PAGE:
Wednesday, January 5, 2011Written by The Independent Staff
While the New Orleans Saints ended their season Sunday with a disappointing 23-13 loss to the Tampa Bay Buccaneers, they still enter the so-called second season as double digit favorites in this Saturday’s wildcard match up against the Seattle Seahawks. We’re betting that with plenty of playoff experience to draw from, the team that shows up this Saturday will be more like the one that posted a showcase win over NFC No. 1 seed Atlanta just two weeks ago. That game — the highest rated cable telecast of the year — secured the Saints’ place in the post-season, keeping alive our goal of a repeat trip to the Super Bowl.
Recent tendrils of BP spill-related news climbing up our collective consciousness range from infuriating to bizarre. The Times-Picayune reported just before Christmas that the federal U.S. Chemical Safety Board is demanding that a forensic analysis of the Deepwater Horizon’s blow-out preventer be halted because representatives of the companies that manufactured and maintained the 300-ton device are participating, hands-on, in the probe — a clear conflict of interest. Then, the T-P reported that Transocean, the rig’s owner, is refusing to honor subpeonas for documents related to its role in the blow-out preventer analysis issued by the CSB, saying the Chemical Board doesn’t have jurisdiction. The icing on the cake was a report last week, also in the Picayune, that Ken Feinberg, administrator of the $20 billion compensation fund for spill victims, is using some of the fund’s money to pay New York University ethics professor Stephen Gillers to write a letter stating that Feinberg is a neutral party and not under BP’s control. When you have to pay an expert to insist you’re not in BP’s pocket, you’re in BP’s pocket.
In stark contrast to her predecessor, Ted Power, Leslie Hurst’s three-year tenure as publisher of The Daily Advertiser didn’t connote civic sainthood. Hurst’s reputation was more angel of death, sent down by Gannett to better consolidate and restructure (read: downsize) the paper’s operations, which she did with surgical precision. Hurst has now been summoned to The Clarion-Ledger in Jackson, Miss., which recently introduced her with an article headlined “New ‘C-L’ publisher to ‘connect with community,’” in which Hurst says, “We need to know the people we serve and understand what is on their minds. Do we know what people go to bed worrying about? Do we know what keeps people awake at night?” If history is any guide, we know what Clairon-Ledger employees are going to bed worrying about: their jobs.
Here's your daily look at late-breaking national and international news, upcoming events and the stories that will be talked about Wednesday, March 12, 2014:
Abshire has rejoined the Lafayette Bar Association, where she previously served as marketing coordinator under longtime Executive Director Susan Holliday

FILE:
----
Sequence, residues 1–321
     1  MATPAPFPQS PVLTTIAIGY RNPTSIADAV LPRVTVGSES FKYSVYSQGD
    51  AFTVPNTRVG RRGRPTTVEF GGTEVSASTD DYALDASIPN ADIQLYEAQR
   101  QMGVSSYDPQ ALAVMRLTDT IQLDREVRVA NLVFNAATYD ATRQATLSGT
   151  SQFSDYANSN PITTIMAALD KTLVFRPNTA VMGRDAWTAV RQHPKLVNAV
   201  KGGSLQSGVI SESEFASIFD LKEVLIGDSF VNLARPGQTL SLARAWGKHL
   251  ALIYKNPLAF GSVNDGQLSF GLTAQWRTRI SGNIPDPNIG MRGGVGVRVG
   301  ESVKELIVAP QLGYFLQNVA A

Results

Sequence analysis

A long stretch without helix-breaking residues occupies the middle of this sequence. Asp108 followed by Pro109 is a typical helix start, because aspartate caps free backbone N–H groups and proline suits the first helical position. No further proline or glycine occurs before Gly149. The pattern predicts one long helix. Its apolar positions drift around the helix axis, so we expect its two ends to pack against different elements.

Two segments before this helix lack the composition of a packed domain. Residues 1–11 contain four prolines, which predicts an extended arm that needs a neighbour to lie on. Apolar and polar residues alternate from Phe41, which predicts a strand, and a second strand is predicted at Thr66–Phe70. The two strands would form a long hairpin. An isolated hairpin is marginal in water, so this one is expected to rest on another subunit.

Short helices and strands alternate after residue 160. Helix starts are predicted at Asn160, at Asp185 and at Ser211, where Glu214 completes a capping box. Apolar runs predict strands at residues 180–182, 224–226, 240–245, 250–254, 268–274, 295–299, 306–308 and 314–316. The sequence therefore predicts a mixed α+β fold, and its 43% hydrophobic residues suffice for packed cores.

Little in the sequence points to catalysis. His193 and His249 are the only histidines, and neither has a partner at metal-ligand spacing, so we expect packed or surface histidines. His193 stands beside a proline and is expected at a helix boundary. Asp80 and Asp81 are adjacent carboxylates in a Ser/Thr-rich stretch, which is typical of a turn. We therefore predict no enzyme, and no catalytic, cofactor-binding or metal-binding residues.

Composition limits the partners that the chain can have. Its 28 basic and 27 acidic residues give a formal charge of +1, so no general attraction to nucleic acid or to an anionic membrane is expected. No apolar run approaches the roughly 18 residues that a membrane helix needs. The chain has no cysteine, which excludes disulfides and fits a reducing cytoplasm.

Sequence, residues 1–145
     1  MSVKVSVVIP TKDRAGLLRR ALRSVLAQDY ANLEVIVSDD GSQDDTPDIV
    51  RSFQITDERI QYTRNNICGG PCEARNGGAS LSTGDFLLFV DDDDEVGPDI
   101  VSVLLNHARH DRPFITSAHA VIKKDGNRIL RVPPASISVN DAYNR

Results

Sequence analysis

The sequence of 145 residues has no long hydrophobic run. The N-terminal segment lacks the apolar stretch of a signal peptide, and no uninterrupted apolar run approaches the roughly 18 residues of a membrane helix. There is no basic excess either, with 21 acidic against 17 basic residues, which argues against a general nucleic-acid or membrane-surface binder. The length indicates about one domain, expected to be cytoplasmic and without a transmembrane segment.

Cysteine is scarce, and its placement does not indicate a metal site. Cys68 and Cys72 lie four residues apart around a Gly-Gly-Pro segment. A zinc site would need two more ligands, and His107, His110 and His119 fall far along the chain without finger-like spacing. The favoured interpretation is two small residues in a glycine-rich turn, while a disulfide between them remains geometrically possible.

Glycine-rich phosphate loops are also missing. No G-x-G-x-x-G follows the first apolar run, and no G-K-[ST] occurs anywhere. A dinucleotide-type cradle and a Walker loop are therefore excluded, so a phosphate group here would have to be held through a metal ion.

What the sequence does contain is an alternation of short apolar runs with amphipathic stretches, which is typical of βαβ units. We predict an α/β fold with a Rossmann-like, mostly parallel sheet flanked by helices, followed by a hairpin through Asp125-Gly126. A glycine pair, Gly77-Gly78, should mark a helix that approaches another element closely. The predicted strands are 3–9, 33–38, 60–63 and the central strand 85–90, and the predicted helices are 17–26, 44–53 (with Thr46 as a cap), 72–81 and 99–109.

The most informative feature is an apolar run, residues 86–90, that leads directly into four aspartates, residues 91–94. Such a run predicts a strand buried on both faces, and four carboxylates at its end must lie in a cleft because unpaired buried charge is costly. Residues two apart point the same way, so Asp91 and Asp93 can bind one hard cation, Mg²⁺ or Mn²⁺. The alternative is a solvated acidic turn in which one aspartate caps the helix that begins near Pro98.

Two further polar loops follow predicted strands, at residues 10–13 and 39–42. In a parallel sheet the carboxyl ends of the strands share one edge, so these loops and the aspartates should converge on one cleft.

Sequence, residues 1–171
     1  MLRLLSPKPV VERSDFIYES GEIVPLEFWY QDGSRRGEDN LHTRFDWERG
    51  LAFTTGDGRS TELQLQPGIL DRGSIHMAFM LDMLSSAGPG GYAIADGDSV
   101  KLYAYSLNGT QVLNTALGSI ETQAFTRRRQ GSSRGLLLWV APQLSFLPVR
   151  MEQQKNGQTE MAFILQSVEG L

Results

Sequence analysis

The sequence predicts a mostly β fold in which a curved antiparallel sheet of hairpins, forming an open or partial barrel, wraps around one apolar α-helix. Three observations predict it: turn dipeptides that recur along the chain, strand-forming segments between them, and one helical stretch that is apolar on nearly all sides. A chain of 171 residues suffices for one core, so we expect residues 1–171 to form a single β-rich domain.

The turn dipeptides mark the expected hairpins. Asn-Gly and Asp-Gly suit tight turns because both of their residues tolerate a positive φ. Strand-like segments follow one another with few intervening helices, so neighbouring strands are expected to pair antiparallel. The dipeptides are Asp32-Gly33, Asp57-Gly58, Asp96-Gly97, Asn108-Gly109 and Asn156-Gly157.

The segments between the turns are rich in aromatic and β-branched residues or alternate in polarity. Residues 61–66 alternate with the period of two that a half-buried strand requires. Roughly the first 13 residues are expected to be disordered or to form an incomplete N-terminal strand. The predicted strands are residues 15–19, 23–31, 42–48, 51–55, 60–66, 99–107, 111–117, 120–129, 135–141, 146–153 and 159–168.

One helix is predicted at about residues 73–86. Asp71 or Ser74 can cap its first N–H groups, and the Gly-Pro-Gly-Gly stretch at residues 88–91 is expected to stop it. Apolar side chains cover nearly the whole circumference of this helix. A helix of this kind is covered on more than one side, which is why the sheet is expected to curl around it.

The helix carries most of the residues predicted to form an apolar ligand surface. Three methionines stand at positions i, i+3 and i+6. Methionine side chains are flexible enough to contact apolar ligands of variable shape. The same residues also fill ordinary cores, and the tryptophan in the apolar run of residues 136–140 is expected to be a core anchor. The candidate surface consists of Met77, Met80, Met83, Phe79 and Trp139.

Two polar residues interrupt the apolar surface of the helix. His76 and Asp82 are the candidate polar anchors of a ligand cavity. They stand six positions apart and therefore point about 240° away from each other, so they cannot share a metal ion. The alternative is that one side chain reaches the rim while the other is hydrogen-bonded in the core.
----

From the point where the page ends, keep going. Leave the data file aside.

Home-grown Baton Rouge market/deli heads to Lafayette.
Deadline for submitting noms for annual competition is March 15
Whitney Bank officials have confirmed that the downtown branch will cease to exist when it relocates its regional headquarters to River Ranch at the end of May.
So far the Democratic agenda includes proposals to expand Medicaid; increase the minimum wage; offer equal pay to women; heighten regulations on predatory lending practices, like payday loans; and add more transparency in the governor’s office.
Hot-button education issues ranging from Common Core to charter schools have some lawmakers pushing to scrap the appointing process and go back to electing the state's super.
Downtown Lafayette restaurant launches new concept near Le Triomphe
Police say the handcuffed man fatally shot himself in the back, but his family isn't buying the story.
Yeah, it's smoked venison sausage stuffed in a suckling pig stuffed in a lamb and roasted over an open fire.
Acadiana's nightlife guide.
Gov. Bobby Jindal offered a budget proposal that suggests new education and health care spending, pay raises for state workers and an incentive fund to encourage colleges to enhance their science, engineering and technology training.
Reamco founders Brent Milam and Ashley Lane now shareholders in acquiring company and part of its management team.
Low heels, high style
The board hopes to recover all fees paid, plus one-half, along with what could amount to hundreds of thousands in additional penalties.
Oh, the irony... or something like that.
Acadiana's nightlife guide.
Hopefully he’ll be better prepared today than he was in that Feb. 20 deposition.
They came by the hundreds, arriving from all regions of the state to gather on the steps of our Capitol in protest of the Legislature’s long tradition of giving industry the go-ahead to abuse our air, our water and our coastline, all in the name of good economics.
Gov. Bobby Jindal’s recent rhetoric against President Barack Obama has failed to boost his standing among the conservative base.
Louisiana's annual legislative session begins.
The state has hired marksmen to shoot feral hogs from helicopters at two wildlife management areas in south Louisiana.
St. Patty's Day crafts
New menu items ready for the Lenten season
The Cane Fire Film Series screens “MaidenTrip” on Monday, March 10, at the AcA.
Acadiana's nightlife guide.
The vibe of the tribe done modern
The Louisiana Workforce Commission said Friday that initial claims rose to 2,125 from the previous week's total of 1,964. There were 2,887 initial claims during the comparable week in 2013.
The Board of Elementary and Secondary Education has stalled action on a $3.5 billion annual school funding formula due to state lawmakers by March 15.